Rights and development activists on Tuesday demanded women's participation in climate change adaptation and mitigation programmes.
They made the demand at a press conference organized by the National Committee on Observation of the International Rural Women Day at the National Press Club in the city on the occasion of the International Rural Women Day.
[Dhaka, 29 September 2012] Speakers urged the government of Bangladesh to ensure that the right to freedom expression and opinion is upheld on the Internet in a public dialogue held at Dhaka's press club earlier today. Speakers included Afsan Chowdhury, executive editor of Bdnews24.com; Monjurul Ahsan Bulbul, editor in chief and CEO of Boishaki Television; Mostafa Jabber, IT specialist; Akhtaruzzaman Monju, chairman, ISP Association; Tahmina Rahman country director, Artcile-19; Seleem Samad, eminent journalist; and Golam Mortuza, editor, Saptahik. The dialogue on freedom of expression on the internet was organized by VOICE and Ahmed Swapan Mahmud, executive director of VOICE moderated the occasion.
Criticising the International Monetary Fund (IMF) for pursuing discredited tax policy in Bangladesh, civil society members at a discussion on Saturday urged the government to reconsider new VAT (Value Added Tax) law 2012, which has been prepared to fulfill the IMF conditions, reports UNB.
Although the VAT (Value Added Tax) bill is supposed to be passed in the current parliament session, the prominent citizens said the VAT is regressive to poor, and in respect of taxation policy there should be emphasis on direct tax to reduce tax burden on the poor.
EquityBD, a civil society network of rights groups in Bangladesh, organised the discussion titled 'Revised VAT law 2012 to fulfill IMF Conditionality, a Review: Domestic Resource Mobilisation, VAT and Tax Justice' at the National Press Club in the city.
Moderated by Rezaul Karim Chowdhury of EquityBD, the discussion was addressed, among others, by president of Bangladesh Tax Law Association Saha Zikrul Ahmed, MP, Dr Abu Ahmed of Dhaka University, economist Dr. Romoni Mohan Debnath, Zakir Hossion Khan of TIB (Transparency International Bangladesh), Aminur Rasul Babul of Unnayan Dhara, Mahbub Hasan of Coastal Development Partnership, Ahmed Swapan of VOICE and Mostafa Kamal Akanda of EquityBD.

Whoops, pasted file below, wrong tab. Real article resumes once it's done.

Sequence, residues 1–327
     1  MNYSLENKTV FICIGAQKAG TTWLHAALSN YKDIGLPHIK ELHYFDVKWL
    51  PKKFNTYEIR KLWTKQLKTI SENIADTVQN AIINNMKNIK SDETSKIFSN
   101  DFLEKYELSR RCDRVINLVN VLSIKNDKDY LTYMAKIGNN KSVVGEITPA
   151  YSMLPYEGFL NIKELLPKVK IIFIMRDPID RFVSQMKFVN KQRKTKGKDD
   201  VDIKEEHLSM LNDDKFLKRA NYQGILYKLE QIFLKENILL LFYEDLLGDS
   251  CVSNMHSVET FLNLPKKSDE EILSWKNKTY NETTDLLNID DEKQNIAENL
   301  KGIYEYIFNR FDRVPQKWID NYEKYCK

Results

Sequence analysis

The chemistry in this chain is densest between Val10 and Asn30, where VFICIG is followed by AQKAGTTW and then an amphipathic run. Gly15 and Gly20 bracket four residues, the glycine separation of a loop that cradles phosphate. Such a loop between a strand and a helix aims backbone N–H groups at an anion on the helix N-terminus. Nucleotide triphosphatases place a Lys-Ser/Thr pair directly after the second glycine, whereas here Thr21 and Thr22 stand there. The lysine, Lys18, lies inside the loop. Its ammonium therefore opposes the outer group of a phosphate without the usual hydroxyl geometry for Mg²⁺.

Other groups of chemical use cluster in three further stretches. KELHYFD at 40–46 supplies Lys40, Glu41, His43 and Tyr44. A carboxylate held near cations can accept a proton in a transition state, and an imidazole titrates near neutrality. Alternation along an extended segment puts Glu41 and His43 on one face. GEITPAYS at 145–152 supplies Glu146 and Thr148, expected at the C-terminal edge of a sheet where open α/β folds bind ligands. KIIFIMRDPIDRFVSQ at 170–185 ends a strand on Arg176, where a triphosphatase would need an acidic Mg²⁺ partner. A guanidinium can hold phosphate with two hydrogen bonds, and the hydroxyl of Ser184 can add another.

Ahsanul Karim and Syed Aminul Haque of EquityBD jointly delivered keynote presentation on the occasion.
In the key note presentation, EquityBD has mentioned that the key difference in law of 1991 and VAT law 2012 is that the new law has a definition to cover all items related to consumption, which could potentially impose VAT on the essential commodities needed by the poor.
EquityBD has demanded to differentiate the definition, especially to keep essential commodities out of the scope of the new law. At present, 37.30 percent internal resource is mobilised from VAT, while in a developed country like New Zealand it is only 12 percent.
It has referred to a research which shows that IMF did the same thing in African countries, but in fact it was not possible to attain the expected tax GDP ratio. They cited a research case study from South Africa which claims that while higher income groups pay only 7 percent, poor families have to pay 10 percent.
The rights group has also shown statistics in Bangladesh according to which the richest families pay only 10 percent while poor families pay 20 percent in VAT.
Published in The News Today.
Rights activists at a human chain on Tuesday demanded the government ensure transparency in disbursing funds to NGOs from the Bangladesh Climate Change Trust Fund (BCCTF).
They said a speculation is there that the government may distribute funds among NGOs from the trust fund but the civil society has not yet got any information about that.
Seven civil-society climate networks and 10 non-government organisations (NGOs) organised the human chain in front of the National Press Club in the city.
Mustafa Kamal Akanda of EquityBD, Prodip Kumar Roy of Campaign for Sustainable Rural Livelihood, Badrul Alam of Bangladesh Krishak Federation, Mahbub Haque of Bangladesh Centre for Human Rights and Development, Mizanur Rahman Bijoy of Network on Climate Change Bangladesh and Rezaul Karim Chowdhury of EquityBD, among others, spoke at the human chain.
Prodip Kumar Roy said the government had declared to provide climate funds to 53 NGOs in March 2011 and later postponed it amid criticism by the media and the civil society.
In September 2011, the government, in a circular, said it will form a committee to review the decision.
Mizanur Rahman Bijoy said the government, in fact, has no criteria and policy to deal with the NGOs.
He demanded a concrete bottom-up policy in this regard and must select NGOs based on fair governance, existence and proven commitment.
Rezaul Karim Chowdhury said the government must not lose the opportunity to set a good example in providing funds among NGOs.
He said all climate funds, especially Bangladesh Climate Change Trust Fund (BCCTF) and Bangladesh Climate Change Resilience Fund (BCCRF), should be brought under a single channel, which should an autonomous foundation with democratic ownership where board will be represented by government and opposition, civil society and media. – UNB
Published in Daily Sun
Protesting the unjust debt and foreign aid as well as the undue interference of International Financial Institutions (IFIs) like the World Bank, International Monetary Fund (IMF), and Asian Development Bank (ADB), Sushasoner Jonny Pracharavizan – SUPRO organized a Human Chain on 3 July, 2012 in front of the National Press Club.